The goal of the current study is to prospectively evaluate tumour response, toxicity and patient quality of life in patients with HNSCC undergoing SBRT.

Study objectives

Primary objective

To evaluate the tumour response rate of squamous cell carcinoma of the head and neck following stereotactic body radiotherapy (SBRT).

Secondary objectives:

  1. 1)

    To measure acute and late toxicity rates associated with SBRT treatments to the head and neck region

  2. 2)

    To measure patient reported outcomes including quality of life and specific symptoms associated with head and neck cancer and SBRT treatment

  3. 3)

    To determine local control, locoregional control and progression free survival following SBRT

Study design

A phase 2, single arm study to evaluate response rate to SBRT in patients with locally advanced squamous cell carcinoma of the head and neck region, including primary skin SCC (Scheme I).

Scheme I
scheme 1

Study Schema. Abbreviations: SCC = squamous cell carcinoma; SBRT = stereotactic body radiotherapy

Study population

Inclusion criteria.

  1. 1)

    Age >  = 60 years

  2. 2)

    Histologically confirmed diagnosis of squamous cell carcinoma of the head and neck region including primary skin SCC; (malignant cells with suspicious/likely SCC will be considered for study if repeat biopsy is not feasible)

  3. 3)

    Clinical stage ≥ T2, or any T-stage with N1-N3 disease, M0 or Mx

  4. 4)

    Measurable tumour present in the head and neck region on clinical examination and/or imaging at time of study enrollment

  5. 5)

    All patients will be assessed by a multi-disciplinary, head and neck oncology team with no systemic therapy being recommended at the time of enrollment

  6. 6)

    Primary surgery not recommended/performed due to any of the following:

    • Unresectable disease and/or borderline resectable

    • Medically inoperable / deemed high risk for post-operative morbidity/mortality by surgical team

    • Patient declined surgery

  7. 7)

    Deemed not to be a candidate for standard fractionation radiotherapy due to poor performance status and/or medical co-morbidities and/or advanced stage disease

  8. 8)

    Eastern Co-operative Oncology Group (ECOG) Performance Status ≤ 3

Exclusion criteria.

  1. 1)

    Life expectancy ≤ 3 months

  2. 2)

    Chemotherapy or other systemic cancer therapy within 3 months prior to HN SBRT

  3. 3)

    Basal cell carcinoma, Merkel cell, malignant melanoma, adenocarcinoma are excluded

  4. 4)

    HN surgery within 6 months prior to HN SBRT (excision under local anaesthesia is acceptable)

  5. 5)

    Prior radiation treatment to the head and neck region (prior radiotherapy to the skin for non-melanoma skin cancer and deemed to have no risk of overlap with the current field are eligible)

  6. 6)

    Synchronous or recent cancer diagnosis not including the index cancer (other cancers treated curatively with no evidence of disease for >  = 3 years, or other non-melanoma skin cancers treated with no evidence of disease for >  = 6 months are eligible)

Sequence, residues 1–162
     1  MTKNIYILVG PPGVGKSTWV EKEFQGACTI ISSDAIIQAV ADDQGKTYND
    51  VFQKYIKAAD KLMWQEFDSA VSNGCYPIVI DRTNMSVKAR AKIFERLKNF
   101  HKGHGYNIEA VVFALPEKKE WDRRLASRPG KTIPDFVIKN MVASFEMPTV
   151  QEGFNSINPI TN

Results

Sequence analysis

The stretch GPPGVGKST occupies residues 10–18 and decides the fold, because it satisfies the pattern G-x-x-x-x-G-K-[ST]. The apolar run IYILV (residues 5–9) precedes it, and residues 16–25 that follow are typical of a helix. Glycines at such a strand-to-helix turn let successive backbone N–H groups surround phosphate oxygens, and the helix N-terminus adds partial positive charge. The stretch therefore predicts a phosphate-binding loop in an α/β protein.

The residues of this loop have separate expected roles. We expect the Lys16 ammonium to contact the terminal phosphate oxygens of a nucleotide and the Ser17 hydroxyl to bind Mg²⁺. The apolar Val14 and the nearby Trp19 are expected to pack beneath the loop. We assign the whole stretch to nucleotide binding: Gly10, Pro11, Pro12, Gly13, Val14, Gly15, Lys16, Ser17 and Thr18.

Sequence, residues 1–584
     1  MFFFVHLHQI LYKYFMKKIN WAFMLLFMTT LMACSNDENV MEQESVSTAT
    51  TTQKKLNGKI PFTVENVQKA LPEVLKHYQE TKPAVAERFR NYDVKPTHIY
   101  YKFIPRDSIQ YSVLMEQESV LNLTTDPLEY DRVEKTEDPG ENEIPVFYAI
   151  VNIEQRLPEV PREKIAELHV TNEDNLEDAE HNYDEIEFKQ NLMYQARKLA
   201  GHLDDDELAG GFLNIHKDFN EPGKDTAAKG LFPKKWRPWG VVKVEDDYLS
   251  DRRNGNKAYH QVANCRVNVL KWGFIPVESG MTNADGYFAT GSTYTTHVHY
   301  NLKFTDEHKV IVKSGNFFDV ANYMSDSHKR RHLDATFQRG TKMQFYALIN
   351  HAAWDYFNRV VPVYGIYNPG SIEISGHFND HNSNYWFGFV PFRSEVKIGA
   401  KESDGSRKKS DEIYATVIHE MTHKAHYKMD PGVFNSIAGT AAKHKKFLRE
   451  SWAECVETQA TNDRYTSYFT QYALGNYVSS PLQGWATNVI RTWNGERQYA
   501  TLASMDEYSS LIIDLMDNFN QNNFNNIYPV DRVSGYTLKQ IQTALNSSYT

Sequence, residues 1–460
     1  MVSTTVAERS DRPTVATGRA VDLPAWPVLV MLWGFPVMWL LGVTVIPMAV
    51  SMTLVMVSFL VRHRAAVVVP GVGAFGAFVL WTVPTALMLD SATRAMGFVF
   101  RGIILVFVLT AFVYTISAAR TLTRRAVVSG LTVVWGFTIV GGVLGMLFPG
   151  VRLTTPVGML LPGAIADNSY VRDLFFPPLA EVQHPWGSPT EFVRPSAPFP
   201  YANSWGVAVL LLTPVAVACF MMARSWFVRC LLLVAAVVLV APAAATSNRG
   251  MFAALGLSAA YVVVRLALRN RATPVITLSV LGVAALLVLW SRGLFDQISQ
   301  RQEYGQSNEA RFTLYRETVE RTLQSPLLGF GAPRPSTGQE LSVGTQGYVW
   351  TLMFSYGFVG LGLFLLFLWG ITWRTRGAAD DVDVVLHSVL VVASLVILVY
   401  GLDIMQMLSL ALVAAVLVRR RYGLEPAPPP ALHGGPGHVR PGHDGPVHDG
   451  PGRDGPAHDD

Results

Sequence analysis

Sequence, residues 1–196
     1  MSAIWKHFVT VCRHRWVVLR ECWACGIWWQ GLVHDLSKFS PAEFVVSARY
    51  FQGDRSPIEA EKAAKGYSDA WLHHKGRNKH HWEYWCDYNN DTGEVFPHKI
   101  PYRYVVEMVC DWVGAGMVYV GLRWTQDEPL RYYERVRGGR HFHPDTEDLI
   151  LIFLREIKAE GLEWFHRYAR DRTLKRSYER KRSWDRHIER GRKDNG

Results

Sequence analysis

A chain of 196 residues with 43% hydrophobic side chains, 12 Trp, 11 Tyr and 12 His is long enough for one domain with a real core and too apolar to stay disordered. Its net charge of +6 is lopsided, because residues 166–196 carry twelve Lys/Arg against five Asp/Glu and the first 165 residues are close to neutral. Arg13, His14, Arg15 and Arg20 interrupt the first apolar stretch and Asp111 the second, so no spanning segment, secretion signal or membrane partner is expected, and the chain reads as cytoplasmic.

7. 7)

    Confirmed or known distant metastatic disease

  8. 8)

    Serious non-malignant disease that precludes definitive radiation treatment (e.g. severe cases of scleroderma, systemic lupus erythematosus, rheumatoid arthritis)

  9. 9)

    Unable to provide written, informed consent or complete QoL questionnaires and assessments required on the study

  10. 10)

    Unable to lie flat for 60 min in order to have radiation planning and treatment

  11. 11)

    Unable to attend radiation planning and therapy, as well as follow-up care and assessments

  12. 12)

    Unable to provide written, informed consent

Pretreatment evaluation and subject enrollment

Following the multi-disciplinary consultation including a head and neck surgeon and radiation oncologist, patients who meet the inclusion criteria will be screened and approached for eligibility assessment and potential study enrollment. Written informed consent is obtained for all eligible patients prior to commencing any study related procedures.

All potentially eligible and consenting patients who do not meet the exclusion criteria will have a CT simulation of head and neck region. Based on our experience in the head and neck clinic, less than 10% of patients in this population will be unable to tolerate the CT with head and neck immobilization. Patients who cannot tolerate the simulation procedure with immobilization will be treated off study.

Baseline assessment

  1. 1)

    Complete history and physical examination; multi-disciplinary clinic consult

  2. 2)

    The baseline assessment includes the collection of patient demographics, height, weight, tumour characteristics (disease site, histolology, TNM staging), prior treatments received, reasons for not having surgery and/or conventional fractionated radiotherapy.

  3. 3)

    Charlson Co-morbidity Index (CCI) and ECOG performance Status

  4. 4)

    Quality of Life Questionnaire: Functional Assessment of Cancer Therapy-Head and Neck (FACT HN) [16].

  5. 5)

    Vulnerability and Frailty Assessments: Vulnerable Elders Survey 13 (VES13) [17] and Geriatric 8 (G8) [18].

  6. 6)

    No routine bloodwork is required for the current study